Senate Judiciary Committee Chairman Patrick Leahy (D-VT) Introduces Data Security Bill
Senate Judiciary Committee Chairman Patrick Leahy (D-VT) has introduced a data security bill that would require certain business entities that store personal data to implement data privacy and security programs, modeled after those established for financial institutions to protect customer information. Notably, the bill provides for a national standard for breach notification and tough criminal penalties, including up to five years in prison, for individuals who intentionally conceal the fact that a data breach has occurred when the breach causes economic damage to one or more persons. The bill also requires data brokers that are not already subject to privacy and data security obligations under existing laws, such as the Fair Credit Reporting Act and Gramm-Leach-Bliley, to disclose to an individual upon request all personal electronic records regarding that individual, and to notify an individual under certain circumstances where a party has taken an adverse action based on the broker’s data. In a provision relevant to government contractors, the bill would require the General Services Administration to consider a contractor’s history of data breaches and data privacy and security programs when awarding contracts of more than $500,000.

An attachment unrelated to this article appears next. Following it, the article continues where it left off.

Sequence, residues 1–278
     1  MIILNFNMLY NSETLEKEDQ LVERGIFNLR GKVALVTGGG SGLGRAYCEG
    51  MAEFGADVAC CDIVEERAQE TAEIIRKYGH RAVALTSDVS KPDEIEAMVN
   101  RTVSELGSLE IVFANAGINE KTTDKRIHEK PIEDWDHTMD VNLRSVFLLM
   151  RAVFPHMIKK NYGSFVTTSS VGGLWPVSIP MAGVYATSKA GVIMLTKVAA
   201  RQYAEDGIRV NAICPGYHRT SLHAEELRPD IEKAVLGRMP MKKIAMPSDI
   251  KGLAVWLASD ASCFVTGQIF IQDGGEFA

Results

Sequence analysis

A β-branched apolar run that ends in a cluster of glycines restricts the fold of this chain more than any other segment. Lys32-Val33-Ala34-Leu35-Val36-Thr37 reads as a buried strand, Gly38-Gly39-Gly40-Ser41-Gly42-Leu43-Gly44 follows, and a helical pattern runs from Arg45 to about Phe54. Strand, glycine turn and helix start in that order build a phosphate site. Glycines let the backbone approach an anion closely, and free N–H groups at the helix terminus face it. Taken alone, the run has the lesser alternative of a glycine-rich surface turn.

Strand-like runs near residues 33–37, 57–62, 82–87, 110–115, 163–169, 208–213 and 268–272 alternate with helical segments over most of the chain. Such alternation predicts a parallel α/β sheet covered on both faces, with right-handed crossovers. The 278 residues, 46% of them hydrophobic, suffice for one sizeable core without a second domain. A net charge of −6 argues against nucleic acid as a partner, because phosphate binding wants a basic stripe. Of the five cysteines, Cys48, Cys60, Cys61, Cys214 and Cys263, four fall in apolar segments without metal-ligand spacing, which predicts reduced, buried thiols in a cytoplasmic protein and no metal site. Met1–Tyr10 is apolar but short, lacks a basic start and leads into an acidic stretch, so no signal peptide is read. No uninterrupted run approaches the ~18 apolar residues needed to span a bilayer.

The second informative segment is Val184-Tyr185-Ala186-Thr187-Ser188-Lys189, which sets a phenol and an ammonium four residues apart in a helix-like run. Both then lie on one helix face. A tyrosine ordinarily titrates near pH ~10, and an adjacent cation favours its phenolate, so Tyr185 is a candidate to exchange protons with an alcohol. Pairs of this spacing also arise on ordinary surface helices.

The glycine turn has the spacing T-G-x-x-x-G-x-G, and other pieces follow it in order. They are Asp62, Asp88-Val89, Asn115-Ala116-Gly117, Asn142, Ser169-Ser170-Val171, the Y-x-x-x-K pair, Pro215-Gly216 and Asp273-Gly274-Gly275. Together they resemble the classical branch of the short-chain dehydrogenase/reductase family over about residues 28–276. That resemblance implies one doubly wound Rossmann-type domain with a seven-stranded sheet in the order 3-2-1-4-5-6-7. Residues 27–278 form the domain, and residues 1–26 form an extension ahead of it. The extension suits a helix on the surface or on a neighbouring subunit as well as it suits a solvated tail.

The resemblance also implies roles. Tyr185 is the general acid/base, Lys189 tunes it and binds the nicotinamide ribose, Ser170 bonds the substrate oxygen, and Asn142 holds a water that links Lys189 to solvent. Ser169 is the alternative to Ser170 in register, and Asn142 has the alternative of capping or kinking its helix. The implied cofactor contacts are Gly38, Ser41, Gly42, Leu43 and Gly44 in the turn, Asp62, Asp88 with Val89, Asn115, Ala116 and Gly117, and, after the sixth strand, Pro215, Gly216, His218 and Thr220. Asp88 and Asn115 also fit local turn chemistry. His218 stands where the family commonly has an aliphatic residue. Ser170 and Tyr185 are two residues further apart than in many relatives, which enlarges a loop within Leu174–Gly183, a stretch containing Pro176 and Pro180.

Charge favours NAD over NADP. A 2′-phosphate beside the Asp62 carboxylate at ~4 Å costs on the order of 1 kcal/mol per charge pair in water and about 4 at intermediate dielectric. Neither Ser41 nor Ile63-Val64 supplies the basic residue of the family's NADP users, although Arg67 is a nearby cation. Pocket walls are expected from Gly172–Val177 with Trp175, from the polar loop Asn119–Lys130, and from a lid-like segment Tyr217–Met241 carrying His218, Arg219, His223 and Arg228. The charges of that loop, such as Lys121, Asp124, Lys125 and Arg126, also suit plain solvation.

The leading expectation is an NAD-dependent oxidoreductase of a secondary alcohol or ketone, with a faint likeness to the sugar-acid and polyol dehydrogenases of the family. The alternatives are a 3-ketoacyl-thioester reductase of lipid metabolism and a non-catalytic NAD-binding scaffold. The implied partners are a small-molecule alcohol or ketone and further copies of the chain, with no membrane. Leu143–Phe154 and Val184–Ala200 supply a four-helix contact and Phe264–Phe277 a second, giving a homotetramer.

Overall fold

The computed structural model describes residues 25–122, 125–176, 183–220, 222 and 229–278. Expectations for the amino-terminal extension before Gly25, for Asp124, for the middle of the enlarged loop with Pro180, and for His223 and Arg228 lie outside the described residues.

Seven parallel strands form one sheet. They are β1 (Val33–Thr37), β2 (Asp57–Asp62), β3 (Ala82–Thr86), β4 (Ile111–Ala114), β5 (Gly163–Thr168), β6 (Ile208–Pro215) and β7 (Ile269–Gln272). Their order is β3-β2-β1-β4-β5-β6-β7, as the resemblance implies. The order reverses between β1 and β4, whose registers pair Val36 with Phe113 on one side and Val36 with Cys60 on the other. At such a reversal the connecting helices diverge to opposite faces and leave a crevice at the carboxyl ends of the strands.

While Leahy has introduced a version of the bill in every session of Congress since 2005, he noted in a statement that recent data breaches, like those at Sony, Epsilon and Lockheed Martin, as well as Google’s announcement of an “apparent state-sponsored cyberattack” on Gmail from China, emphasize the need for a national strategy on privacy and cybersecurity.
Certain provisions in the bill mirror suggestions in the May 12, 2011 Obama Administration Cybersecurity Legislative Proposal, such as the bill’s breach notification provision, as well as a provision updating the Computer Fraud and Abuse Act so that attempted computer hacking and conspiracy to commit computer hacking are subject to the same criminal penalties as the underlying offenses.